Wednesday, around 5pm the 747 with SOFIA took off for the U.S. again. On board, Nasa test pilot Troy Asher. A couple of hours ago he had sent me an e-mail regardings some questions on flying the Stratospheric Observatory for infrared Astronomy (SOFIA).

Troy, what is different to fly the 747SP/SOFIA platform from flying a normal jumbo jet?

It is very much the same as flying a normal 747 or other very large jet with a few small exceptions. First of all, having this large 4m x 4.6m door open on the back of the airplane is hardly noticeable. Most people on the airplane cannot tell at all when the door is open or closed. The aerodynamics engineers who designed the door and the surrounding opening did a fantastic job.

Do you have to perform special flight maneuvers during measurement? When the 'door' is open?

The main difference between flying SOFIA and a normal jumbo jet is in the way we fly it during an astronomical observation. The flight maneuvers are not difficult, just very exacting and sometimes even monotonous.

We are very sensitive about the weather. Because the 2.5m mirror is a highly sensitive, one-of-a-kind object, we treat it with extreme care. If there is blowing dust, any kind of rain or other contaminants in the air, we do not open the door and in some instances, we won't even takeoff. We cannot fly in clouds with the door open and we try to avoid anything greater than light turbulence. Also, because the mirror is such a great reflector of focused light, we avoid flight during the daytime. We always plan to wait until sunset to open the door and always plan to be on the ground before sunrise, just in case the telescope door might not close when we ask it to. Direct sunlight on the mirror can create light so focused that it will damage other sensitive components of the telescope assembly or possibly even the aircraft structure. So it's a night-time job.

The telescope is pointed in large part by the attitude of the aircraft. In order to keep the telescope locked on to a far away object, we must maintain our heading to within 1-degree and keep our bank angles to no more than 2-degrees. Because it requires a curved flight path to stay locked on to a distant object, we are continuously making 1-degree heading changes by using very small bank angles...for 10 hours at a time. Also, airspeed changes must be made very smoothly as changing power settings on the engines can cause the nose of the aircraft to rise or fall which also interferes with telescope pointing. Don't make any sudden moves as a SOFIA pilot!

Because there tends to be less water vapor in the air at higher altitudes, we generally fly as high as the airplane will physically go. For a normal jumbo jet, you would fly at the most efficient altitude for the weight of the airplane, but not with SOFIA -- we fly as high as the engines will take us at any given time. This requires very precise airspeed control (which is 0.85 Mach number) because we have a 0.87 Mach upper speed limit, to reduce fatigue on the telescope door, and a lower airspeed of about 0.82 Mach, slower than which we have difficulty maintaining altitude. So the operating conditions for the aircraft lie in a very narrow band that has to be constantly monitored.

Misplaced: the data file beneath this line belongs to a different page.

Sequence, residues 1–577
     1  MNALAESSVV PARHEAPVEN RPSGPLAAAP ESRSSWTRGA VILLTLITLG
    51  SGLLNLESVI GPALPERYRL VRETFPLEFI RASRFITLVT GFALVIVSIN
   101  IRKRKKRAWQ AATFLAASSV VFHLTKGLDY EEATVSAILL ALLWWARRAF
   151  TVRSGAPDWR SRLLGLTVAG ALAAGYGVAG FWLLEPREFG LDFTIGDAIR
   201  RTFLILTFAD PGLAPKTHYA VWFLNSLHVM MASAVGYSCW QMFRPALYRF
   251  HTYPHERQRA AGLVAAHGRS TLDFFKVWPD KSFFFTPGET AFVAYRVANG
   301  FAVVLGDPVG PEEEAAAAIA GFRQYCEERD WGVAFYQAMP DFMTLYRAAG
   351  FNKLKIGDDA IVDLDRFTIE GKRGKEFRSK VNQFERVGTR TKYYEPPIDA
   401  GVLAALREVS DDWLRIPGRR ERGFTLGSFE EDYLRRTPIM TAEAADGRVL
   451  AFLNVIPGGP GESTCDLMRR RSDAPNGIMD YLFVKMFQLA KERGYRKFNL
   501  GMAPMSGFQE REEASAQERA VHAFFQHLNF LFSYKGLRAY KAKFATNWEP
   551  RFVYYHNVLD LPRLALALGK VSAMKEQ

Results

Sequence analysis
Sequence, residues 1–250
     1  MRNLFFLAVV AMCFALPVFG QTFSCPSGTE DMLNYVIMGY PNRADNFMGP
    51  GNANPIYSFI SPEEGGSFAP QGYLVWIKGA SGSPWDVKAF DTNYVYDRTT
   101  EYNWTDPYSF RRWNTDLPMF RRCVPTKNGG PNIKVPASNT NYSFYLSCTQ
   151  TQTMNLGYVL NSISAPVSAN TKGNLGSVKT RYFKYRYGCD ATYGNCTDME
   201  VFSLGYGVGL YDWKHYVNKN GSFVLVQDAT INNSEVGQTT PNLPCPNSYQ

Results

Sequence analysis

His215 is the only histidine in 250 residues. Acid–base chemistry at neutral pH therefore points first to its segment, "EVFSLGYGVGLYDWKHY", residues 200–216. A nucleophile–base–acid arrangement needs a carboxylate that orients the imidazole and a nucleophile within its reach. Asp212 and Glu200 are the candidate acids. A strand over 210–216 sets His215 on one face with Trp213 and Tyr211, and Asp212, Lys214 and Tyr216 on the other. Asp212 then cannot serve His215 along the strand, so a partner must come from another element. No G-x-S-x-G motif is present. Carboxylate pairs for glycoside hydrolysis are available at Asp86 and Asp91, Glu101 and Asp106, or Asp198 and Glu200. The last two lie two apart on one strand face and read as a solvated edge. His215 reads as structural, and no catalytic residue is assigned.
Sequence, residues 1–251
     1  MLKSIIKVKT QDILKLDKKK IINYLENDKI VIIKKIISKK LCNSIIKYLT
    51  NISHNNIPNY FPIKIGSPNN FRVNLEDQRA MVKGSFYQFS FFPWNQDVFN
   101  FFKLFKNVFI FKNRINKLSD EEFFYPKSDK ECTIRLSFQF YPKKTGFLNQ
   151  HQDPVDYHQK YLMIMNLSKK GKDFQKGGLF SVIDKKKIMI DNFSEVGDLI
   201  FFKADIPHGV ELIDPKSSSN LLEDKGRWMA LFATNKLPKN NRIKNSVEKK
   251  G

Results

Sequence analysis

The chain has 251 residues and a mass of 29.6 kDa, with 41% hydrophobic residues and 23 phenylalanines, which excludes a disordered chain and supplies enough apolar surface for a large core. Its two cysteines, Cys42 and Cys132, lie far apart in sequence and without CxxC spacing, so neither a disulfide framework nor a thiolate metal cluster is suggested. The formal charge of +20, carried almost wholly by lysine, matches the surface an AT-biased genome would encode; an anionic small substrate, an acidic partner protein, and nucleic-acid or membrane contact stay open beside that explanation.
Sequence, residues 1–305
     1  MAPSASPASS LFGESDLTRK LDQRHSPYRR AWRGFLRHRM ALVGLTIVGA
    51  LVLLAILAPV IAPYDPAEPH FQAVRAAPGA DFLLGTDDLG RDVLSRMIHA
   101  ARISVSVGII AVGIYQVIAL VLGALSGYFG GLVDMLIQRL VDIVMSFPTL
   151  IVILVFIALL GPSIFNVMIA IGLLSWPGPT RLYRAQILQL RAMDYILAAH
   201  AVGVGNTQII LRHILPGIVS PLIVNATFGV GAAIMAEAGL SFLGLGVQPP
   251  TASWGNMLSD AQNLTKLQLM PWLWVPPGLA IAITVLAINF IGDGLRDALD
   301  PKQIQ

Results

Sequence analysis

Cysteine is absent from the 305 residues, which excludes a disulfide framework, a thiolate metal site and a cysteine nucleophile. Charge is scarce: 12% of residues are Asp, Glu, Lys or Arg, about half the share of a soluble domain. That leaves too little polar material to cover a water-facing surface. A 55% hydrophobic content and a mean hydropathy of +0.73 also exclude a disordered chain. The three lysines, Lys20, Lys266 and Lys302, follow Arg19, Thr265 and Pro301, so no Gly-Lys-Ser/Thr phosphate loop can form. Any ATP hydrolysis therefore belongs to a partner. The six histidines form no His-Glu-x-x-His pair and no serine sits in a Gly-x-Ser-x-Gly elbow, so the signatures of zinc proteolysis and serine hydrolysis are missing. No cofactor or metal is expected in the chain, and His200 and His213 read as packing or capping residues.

How does the crew schedule flights?

Planning for one of our missions is a very involved process. Our mission planners use a specialized computer system to calculate where the telescope would need to be pointed to observe a desired object. They work backwards taking into account orbital dynamics, winds, temperatures, and many other factors to calculate exactly where over the Earth's surface and at precisely what time the aircraft needs to fly so we can find the object we are looking for in the telescope. Their plan is continuously updated for changing weather conditions right up until takeoff time. This means that we never really know where the airplane is going to fly until just before takeoff. This makes coordinating flight plans with Air Traffic Control challenging and makes for some hectic times right before takeoff due to last minute changes.

Then, once we are flying, we must control our timing such that we arrive at the point where we will begin astronomy at exactly the calculated time. Once locked on, the aircraft must maintain precise headings and if the winds turn out to be different than we planned, the airplane does not travel to the points we originally planned. This creates other challenges with Air Traffic Control as well as other airplanes flying in our vicinity. Luckily, we always fly in the middle of the night, so Air Traffic Control is fairly kind to us due to lighter air traffic. That's one good thing about working the graveyard shift.

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